Category Archives: Graduate Studies

Graduate Student Prehoda In the News

image144321-persABC-10 News aired a story, about the potential for using solar energy in the UP, quoting Michigan Tech graduate student Emily Prehoda.

She is working on a survey that will be conducted in L’Anse next fall, a collaborative effort of the Western Upper Peninsula Planning and Development Region, the Village of L’Anse, WPPI Energy, and Michigan Tech’s Keweenaw Research Center and Department of Social Sciences.

Residents of the village buy their power from WPPI Energy, a non-profit company.

Prehoda was also featured in USA Today (“The US could prevent a lot of deaths by switching from coal to solar“), and on NBC and CBS with researcher Joshua Pearce (MSE/ECE).

Also in print, Joshua Pearce (MSE/ECE) and social sciences PhD Student Emily Prehoda coauthored, potential lives saved by replacing coal with solar photovoltaic electricity production in the U.S., in Renewable and Sustainable Energy Reviews that can be read here.



Will Solar Power Work in the U.P.?

Emily Prehoda
Emily Prehoda

ABC-10 News aired a story about the potential for using solar energy in the UP, quoting Michigan Tech graduate student Emily Prehoda. She is working on a survey that will be conducted in L’Anse next fall, a collaborative effort of the Western Upper Peninsula Planning and Development Region, the Village of L’Anse, WPPI Energy, and Michigan Tech’s Keweenaw Research Center and Department of Social Sciences. Residents of the village buy their power from WPPI Energy, a non-profit company. See here.

Pischke Receives Graduate Student Leader Award and Graduate Student Service Award

Erin Pischke, Jessie Knowlton, and Jill Fisher.

Erin Pischke (EEP) received two graduate student awards at the Graduate Research Colloquium Banquet held on February 16, 2017.  Pischke won a Graduate Student Government merit award for Exceptional Graduate Student Leader and the Graduate Student Service Award.

Congratulations Erin!

Read more and watch the video at ABC10 UP, by Rick Allen.

Complete list of winners:

Oral Presentation Competition

  1. 1st Place: Kevin Sunderland, Department of Biomedical Engineering
  2. 2nd Place: Teresa Wilson, Department of Physics
  3. 3rd Place: Andrew Chapp, Department of Kinesiology and Integrative Physiology
  4. Most Attended: Muraleekrishnan Menon, Department of Mechanical Engineering – Engineering Mechanics
  5. Most Attended: Niranjan Miganakallu, Department of Mechanical Engineering – Engineering Mechanics

Poster Presentation Competition

  1. 1st Place: Matthew Kilgas, Department of Kinesiology and Integrative Physiology
  2. 2nd Place: Brian Page, Department of Mechanical Engineering – Engineering Mechanics
  3. 3rd Place: Zichen Qian, Department of Biomedical Engineering
  4. People’s Choice: Mugdha Priyadarshini, Department of Civil and Environmental Engineering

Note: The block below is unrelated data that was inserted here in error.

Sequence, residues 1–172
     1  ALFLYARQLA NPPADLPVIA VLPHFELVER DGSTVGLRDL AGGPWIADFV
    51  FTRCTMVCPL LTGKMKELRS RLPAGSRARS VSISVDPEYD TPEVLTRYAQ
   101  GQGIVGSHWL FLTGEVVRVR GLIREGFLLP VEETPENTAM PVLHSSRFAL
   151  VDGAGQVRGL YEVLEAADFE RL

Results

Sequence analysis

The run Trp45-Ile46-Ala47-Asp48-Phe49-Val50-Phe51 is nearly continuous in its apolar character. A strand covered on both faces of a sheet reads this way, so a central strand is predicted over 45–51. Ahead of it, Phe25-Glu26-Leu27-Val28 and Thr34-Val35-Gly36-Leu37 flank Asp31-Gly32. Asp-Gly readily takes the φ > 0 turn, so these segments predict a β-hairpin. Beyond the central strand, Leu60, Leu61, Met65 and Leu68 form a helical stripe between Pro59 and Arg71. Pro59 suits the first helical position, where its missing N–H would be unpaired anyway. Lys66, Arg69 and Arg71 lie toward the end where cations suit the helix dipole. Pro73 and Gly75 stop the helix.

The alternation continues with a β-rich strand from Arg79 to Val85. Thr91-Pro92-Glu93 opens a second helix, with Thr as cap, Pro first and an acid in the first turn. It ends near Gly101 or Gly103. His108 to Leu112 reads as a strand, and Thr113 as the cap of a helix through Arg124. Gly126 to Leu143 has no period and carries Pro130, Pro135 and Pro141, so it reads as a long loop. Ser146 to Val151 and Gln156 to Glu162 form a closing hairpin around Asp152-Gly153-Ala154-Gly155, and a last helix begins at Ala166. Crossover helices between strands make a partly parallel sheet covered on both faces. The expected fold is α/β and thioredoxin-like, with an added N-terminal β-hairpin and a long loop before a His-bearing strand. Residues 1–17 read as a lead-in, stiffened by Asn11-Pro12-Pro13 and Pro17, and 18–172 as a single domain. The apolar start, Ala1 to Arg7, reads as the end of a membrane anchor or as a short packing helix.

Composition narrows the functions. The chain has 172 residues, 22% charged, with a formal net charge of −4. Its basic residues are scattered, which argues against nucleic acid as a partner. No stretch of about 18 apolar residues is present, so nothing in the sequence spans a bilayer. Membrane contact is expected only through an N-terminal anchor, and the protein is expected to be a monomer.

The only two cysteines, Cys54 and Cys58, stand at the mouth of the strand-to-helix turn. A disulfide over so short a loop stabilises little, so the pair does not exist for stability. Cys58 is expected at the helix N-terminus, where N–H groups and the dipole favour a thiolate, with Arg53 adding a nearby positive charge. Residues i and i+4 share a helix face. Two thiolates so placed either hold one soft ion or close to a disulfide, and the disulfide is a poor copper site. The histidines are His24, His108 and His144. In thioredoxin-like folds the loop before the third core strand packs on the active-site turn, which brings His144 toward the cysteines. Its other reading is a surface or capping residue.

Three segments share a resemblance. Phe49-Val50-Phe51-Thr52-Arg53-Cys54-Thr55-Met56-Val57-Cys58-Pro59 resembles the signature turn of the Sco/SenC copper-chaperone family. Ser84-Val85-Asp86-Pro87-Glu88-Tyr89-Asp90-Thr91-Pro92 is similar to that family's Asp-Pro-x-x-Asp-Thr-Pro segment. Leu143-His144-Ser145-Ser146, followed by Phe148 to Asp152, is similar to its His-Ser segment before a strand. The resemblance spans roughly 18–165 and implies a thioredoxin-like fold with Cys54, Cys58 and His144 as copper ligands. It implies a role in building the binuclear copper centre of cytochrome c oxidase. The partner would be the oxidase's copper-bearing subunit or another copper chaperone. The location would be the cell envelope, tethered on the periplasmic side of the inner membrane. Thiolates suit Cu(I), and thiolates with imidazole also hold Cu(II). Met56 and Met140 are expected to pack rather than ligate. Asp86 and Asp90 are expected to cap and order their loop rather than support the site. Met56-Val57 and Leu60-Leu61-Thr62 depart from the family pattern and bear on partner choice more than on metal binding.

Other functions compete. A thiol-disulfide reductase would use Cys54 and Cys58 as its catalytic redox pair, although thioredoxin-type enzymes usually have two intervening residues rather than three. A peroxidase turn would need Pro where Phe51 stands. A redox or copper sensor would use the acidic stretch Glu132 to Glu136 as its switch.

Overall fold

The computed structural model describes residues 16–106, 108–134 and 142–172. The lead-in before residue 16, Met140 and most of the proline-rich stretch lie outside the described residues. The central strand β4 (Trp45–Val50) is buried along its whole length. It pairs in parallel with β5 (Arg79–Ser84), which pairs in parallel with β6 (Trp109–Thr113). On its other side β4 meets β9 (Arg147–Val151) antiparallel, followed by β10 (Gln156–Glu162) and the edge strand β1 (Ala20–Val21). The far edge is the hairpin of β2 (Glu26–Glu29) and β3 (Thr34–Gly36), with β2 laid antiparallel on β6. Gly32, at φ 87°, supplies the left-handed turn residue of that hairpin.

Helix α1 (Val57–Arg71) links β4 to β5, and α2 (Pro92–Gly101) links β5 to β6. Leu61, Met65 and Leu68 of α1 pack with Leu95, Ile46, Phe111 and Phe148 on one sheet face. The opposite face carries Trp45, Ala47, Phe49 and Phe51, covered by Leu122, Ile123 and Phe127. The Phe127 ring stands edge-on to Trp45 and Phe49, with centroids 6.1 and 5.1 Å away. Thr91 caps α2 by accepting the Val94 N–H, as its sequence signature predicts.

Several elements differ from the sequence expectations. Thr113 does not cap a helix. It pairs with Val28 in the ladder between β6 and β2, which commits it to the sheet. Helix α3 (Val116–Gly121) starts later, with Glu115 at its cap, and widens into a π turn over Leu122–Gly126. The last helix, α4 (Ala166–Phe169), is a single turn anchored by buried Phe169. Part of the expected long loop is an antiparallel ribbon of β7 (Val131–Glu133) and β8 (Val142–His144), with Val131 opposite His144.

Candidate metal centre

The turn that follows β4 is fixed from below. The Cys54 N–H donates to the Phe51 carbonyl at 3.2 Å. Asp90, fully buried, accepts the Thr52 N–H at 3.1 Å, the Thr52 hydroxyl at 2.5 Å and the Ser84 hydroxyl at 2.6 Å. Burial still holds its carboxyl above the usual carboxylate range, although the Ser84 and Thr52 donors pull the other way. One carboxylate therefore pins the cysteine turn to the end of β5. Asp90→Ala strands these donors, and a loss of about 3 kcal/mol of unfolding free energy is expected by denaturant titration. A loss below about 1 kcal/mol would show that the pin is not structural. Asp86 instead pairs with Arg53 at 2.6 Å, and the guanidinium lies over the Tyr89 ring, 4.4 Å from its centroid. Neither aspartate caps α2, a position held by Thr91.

Graduate Student Service Awards

  1. Gorkem Asilioglu, Department of Computer Science
  2. Hossein Tavakoli, Department of Civil and Environmental Engineering
  3. Kate Glodowski, Department of Kinesiology and Integrative Physiology
  4. Erin Pischke, Department of Social Sciences

The GRC is held each year by the Graduate Student Government at Michigan Tech.

PhD Research Assistantship Opportunity

Energy Conservation PhD Research Assistantships at Michigan Technological University – Drs. Chelsea Schelly and Kathleen Halvorsen seek motivated applicants for two fully funded three-year research assistantship positions available for students pursuing a PhD in Environmental and Energy Policy at Michigan Technological University (MTU).

 Students will be involved in a National Science Foundation Innovations at the Nexus of Food, Energy, and Water (NSF INFEWS) funded interdisciplinary research project.  The project focuses on understanding and seeking ways to reduce greenhouse gas emissions through conservation of household-scale food, energy, and water. FEW PhD Position Description-1

John Baeten

John Baeten (Ph.D. candidate, IHA) has received a research grant from the Mining History Association to study the industrial heritage of the Mesabi Iron Range of Northern Minnesota. Baeten’s research project investigates the historic context of low-grade iron ore mining and processing in the Mesabi Range through the lens of industrial heritage and environmental history. His project will consist of  both archival and field research. While in the field he will be conducting a driving and pedestrian survey of the western Mesabi Range, documenting the historical footprints of iron ore “beneficiation” plants that produced both “washed ores” and the more familiar taconite, concentrated iron ore pellets, before shipment to the steel mills of the Great Lakes and beyond. The landscape he is investigating has undergone extensive abandonment and scrapping. This project hopes to connect the stories of direct shipping iron ores to taconite by exploring how the development of washable iron ores in the Mesabi Range helped pave the way for the eventual success of the taconite industry.


Industrial Archaeology Summer 2015 Field School: Isle Royale

IsleRoyaleThe Industrial Archaeology Summer 2015 Field School participated in excavation work at the Ransom Smelter on Isle Royale National Park.  Their work was captured in the production titled  Beneath the Wilderness: Revisiting Isle Royale’s Industrial Past from Ravenswood Media.

Video SummarySeth DePasqual, Cultural Resources Manager National Park Service, partners with a team of industrial archeologists from Michigan Technological University to uncover a 19th century smelter on Isle Royale National Park. Known primarily as a wilderness area, Isle Royale was, for a short time, the center of copper mining in the United States. The National Park Service provides the student archeologists with a valuable experience in industrial archeology while gathering important information for park visitors about the island’s gritty industrial past.

US Peace Corps’ Peace Car visits Michigan Tech